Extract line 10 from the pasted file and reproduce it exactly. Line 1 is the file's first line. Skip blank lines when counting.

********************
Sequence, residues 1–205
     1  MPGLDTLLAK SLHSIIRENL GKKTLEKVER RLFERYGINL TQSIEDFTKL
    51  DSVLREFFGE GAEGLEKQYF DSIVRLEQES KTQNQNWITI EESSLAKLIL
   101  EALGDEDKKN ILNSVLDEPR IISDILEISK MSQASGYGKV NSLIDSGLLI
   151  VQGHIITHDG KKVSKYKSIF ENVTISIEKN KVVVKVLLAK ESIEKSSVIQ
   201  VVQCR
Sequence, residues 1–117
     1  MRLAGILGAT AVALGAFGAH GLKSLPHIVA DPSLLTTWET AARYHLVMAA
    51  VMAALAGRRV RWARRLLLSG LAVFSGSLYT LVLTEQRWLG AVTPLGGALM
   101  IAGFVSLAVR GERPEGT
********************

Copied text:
   101  IAGFVSLAVR GERPEGT